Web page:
Yes, it was argued at last week's International Business Forum venture capital investing conference.
Too big a fund makes fund managers engage in sub-optimal investments because they have to find a home for the money and there aren't that many good VC investments around.
Judith Elsea, a co-founder and managing director of Weathergage Capital, said she doubted that there are enough promising companies for a $3 billion fund to get a three-times return.
Jessica Reed Saouaf, managing director of Hall Capital Partners, said that some VC firms "look a lot more like asset management firms than they do like venture capital firms."
George Arnold, a managing principal at Knightsbridge Advisers, thought $50 million VC funds were the most promising vehicle.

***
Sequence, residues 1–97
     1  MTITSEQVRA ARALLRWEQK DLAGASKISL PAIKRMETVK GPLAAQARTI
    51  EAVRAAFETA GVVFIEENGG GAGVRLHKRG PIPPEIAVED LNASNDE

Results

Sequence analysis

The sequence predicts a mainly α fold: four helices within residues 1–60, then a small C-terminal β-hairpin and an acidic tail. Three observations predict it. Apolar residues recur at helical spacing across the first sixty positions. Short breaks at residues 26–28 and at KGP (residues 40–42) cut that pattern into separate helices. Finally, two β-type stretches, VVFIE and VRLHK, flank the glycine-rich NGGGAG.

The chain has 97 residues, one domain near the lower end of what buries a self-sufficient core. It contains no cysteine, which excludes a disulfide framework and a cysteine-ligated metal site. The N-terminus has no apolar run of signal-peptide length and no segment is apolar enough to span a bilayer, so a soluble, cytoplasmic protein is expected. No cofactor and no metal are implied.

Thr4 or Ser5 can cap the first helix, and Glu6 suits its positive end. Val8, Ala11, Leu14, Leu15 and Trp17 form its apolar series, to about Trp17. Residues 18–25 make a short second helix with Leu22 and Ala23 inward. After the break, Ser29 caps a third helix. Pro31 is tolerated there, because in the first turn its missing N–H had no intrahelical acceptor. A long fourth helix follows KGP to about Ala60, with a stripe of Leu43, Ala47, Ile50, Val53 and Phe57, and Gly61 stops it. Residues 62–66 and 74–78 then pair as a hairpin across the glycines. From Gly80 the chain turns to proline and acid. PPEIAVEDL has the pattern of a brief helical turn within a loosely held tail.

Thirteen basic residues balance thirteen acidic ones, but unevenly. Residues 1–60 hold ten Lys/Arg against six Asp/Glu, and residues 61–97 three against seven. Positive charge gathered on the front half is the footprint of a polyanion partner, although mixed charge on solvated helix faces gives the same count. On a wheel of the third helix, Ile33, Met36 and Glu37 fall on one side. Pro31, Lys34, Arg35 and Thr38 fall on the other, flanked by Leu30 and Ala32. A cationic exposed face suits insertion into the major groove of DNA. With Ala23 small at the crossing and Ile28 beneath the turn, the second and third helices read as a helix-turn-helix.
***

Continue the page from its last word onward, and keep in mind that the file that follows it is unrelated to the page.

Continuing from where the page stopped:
However, this common sense may well have been engendered from the halving of US investment money for VC funds between Q108 and Q109.
And common sense, of course, never lasts long in the face of a seductive trend.
Nicole Belytschko, director of private equity for C.M. Capital Management, said that when the IPO market returns, bringing big returns with it, then all bets are off as the investment money floods in.
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